Republic of the Philippines
G.R. No. L-55952 March 31, 1989
COMMODITIES SALES CORPORATION, petitioner,
LA SUERTE BUS CO., INC, Spouses LAZARO and NIEVES LANDICHO, TEODORICO and PURITA LANDICHO, SOFRONIO and ADELAIDA LANDICHO, PABLO and LEONIDA CATIMBANG, PEPITO and MAYONA CATIMBANG, GREGORIO and PERLITA LACAP, and HON. PACITA CAÑAZARES-NYE, Presiding Judge, Court of First Instance of Davao, Branch III, 16th Judicial District, Davao City, respondents.
Apolinario L. Batoon for petitioner.
Rafael C. Reyes for private respondents.
The respondent judge is faulted for dismissing as tardy a petition for reconstitution of judicial records destroyed during a fire. It is claimed that the petition was not belated under the provisions of Act 3110. The respondent judge insists on her decision, invoking the same statute. We are asked to resolve the impasse and settle the question once and for all.
The fire occurred on January 9, 1979, and razed the Puericulture Center Building in Davao City, where Branches III and IV of the Court of First Instance of Davao were sitting. Everything was reduced to ashes, including the files of the court.
Pursuant to Section 1 of Act 3110, the Office of the Clerk of Court issued a Notice of Loss of Judicial Records on January 23, 1979. 1
Conformably to Section 2 of the same Act, the public respondent, as Presiding Judge of the Court of First Instance of Davao, Branch III, issued a General Notice of Loss of Judicial Records on February 7, 1979. 2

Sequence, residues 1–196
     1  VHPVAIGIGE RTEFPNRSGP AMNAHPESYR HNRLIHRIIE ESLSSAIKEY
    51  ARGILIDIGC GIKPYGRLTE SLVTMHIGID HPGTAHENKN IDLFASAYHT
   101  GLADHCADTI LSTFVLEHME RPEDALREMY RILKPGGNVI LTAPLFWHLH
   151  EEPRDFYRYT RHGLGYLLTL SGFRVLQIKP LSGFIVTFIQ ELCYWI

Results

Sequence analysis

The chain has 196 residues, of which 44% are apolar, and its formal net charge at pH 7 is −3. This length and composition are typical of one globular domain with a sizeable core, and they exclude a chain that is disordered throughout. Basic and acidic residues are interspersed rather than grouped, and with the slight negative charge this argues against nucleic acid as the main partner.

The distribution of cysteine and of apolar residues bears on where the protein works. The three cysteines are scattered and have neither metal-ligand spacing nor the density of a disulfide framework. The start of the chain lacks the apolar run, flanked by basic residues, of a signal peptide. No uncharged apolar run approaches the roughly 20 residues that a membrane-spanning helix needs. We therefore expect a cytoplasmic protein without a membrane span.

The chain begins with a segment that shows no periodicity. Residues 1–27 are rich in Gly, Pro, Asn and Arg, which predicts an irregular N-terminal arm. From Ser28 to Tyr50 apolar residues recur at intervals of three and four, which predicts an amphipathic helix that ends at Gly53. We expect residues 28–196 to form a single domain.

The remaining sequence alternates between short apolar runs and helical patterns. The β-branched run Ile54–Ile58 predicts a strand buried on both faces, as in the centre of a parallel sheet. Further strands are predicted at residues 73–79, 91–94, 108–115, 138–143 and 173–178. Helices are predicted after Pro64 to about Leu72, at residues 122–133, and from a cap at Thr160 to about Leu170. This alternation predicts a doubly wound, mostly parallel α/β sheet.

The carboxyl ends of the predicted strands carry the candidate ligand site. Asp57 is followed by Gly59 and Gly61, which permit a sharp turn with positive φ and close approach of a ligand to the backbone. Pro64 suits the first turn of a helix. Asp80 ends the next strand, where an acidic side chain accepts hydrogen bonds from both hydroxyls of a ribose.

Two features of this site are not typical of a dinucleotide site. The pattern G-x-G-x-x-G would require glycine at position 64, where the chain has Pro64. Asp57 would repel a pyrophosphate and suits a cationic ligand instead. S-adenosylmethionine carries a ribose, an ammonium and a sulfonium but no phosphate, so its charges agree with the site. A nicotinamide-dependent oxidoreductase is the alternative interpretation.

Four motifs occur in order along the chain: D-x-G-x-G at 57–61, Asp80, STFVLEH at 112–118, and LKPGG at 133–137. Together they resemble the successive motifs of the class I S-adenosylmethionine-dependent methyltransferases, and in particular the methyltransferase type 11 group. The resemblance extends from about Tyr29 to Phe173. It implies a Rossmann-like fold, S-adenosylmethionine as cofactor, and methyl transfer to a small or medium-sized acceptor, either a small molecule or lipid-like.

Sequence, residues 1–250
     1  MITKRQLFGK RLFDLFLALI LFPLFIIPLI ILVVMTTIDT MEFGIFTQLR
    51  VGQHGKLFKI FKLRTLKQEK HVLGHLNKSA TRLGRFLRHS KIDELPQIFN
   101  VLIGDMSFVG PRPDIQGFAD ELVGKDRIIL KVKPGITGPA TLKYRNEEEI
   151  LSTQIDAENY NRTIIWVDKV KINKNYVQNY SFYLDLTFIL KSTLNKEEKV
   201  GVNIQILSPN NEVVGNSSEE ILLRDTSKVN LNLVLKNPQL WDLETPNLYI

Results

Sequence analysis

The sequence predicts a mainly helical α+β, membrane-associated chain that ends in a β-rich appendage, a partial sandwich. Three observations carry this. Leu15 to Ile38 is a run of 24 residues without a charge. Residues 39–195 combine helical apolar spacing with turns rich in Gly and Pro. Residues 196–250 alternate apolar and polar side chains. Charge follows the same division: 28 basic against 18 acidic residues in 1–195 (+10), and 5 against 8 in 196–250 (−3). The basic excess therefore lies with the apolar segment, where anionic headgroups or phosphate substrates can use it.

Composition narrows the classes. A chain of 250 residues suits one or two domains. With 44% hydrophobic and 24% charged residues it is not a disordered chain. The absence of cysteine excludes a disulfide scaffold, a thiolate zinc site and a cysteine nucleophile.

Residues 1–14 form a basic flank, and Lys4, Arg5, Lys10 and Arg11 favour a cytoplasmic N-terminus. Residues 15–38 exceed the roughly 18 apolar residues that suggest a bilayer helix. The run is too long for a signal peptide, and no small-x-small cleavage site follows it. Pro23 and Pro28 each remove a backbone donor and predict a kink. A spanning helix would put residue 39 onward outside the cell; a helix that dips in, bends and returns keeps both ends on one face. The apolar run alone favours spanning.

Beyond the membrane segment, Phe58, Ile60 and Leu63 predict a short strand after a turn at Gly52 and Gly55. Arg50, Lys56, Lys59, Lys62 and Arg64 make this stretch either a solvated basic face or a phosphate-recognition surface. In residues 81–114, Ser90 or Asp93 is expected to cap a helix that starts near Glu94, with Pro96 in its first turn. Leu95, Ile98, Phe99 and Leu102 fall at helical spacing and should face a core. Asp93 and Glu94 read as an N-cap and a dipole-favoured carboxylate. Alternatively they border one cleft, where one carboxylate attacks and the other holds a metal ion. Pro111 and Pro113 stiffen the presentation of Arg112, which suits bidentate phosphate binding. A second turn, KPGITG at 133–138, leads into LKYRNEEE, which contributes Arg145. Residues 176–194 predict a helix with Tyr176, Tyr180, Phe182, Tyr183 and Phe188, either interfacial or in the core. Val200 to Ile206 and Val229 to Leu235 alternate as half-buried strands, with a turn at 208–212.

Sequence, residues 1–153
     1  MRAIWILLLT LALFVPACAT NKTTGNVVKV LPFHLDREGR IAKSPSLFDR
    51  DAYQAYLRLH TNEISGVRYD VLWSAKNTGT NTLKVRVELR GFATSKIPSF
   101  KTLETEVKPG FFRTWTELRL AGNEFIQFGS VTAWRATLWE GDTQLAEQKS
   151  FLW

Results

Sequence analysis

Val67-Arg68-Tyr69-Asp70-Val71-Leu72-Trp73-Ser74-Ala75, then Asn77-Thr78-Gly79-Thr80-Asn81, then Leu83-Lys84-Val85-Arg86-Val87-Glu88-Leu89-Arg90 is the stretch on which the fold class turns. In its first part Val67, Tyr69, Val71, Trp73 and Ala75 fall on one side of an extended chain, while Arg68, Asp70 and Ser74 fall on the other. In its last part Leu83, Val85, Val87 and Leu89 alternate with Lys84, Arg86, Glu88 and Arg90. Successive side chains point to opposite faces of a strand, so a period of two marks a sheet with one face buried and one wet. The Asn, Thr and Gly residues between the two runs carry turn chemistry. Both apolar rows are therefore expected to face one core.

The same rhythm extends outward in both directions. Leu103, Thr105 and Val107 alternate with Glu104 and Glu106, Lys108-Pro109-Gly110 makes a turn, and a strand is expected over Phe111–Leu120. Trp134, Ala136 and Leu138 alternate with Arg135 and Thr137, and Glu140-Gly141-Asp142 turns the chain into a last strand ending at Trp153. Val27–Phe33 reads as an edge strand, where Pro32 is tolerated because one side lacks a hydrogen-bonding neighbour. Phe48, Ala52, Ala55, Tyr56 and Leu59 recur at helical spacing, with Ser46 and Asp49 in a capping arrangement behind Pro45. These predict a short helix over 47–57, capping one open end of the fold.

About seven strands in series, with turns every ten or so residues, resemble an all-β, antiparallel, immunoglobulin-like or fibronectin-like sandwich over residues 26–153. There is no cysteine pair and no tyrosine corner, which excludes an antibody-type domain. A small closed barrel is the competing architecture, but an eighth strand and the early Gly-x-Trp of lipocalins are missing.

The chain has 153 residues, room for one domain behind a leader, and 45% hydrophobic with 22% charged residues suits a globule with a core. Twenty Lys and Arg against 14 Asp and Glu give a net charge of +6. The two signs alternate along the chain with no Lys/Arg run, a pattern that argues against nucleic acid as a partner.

This notice was published once a week for four consecutive weeks in the Official Gazette, the last publication appearing in its issue of March 5, 1979, which was released on April 25, 1979. 3 The notice was also published once weekly for three consecutive weeks in the Mindanao Times, a newspaper of general circulation in the three provinces of Davao, the last publication appearing in its issue of April 19, 1979. 4
On July 29, 1989, the Commodities Sales Corporation filed before the Court of First Instance of Davao, Branch III, then presided by the respondent judge, a petition for the reconstitution of the records of Civil Case No. 10278, allegedly decided on June 23, 1978. 5
On August 19,1980, the petitioner moved for leave to amend its original petition. 6 The motion was denied on September 2, 1980, for non-compliance with the procedural requirements of motions in general under Sections 4 to 6 of Rule 15 of the Rules of Court.
Finally, on September 25,1980, Judge Pacita Canizares-Nye dismissed the petition on the ground that it had been filed late, the period for doing so having expired on October 18, 1979. 7 The motion for reconsideration was denied on November 21, 1980. 8 The petitioner is now before the Court to seek relief from these orders of the respondent judge.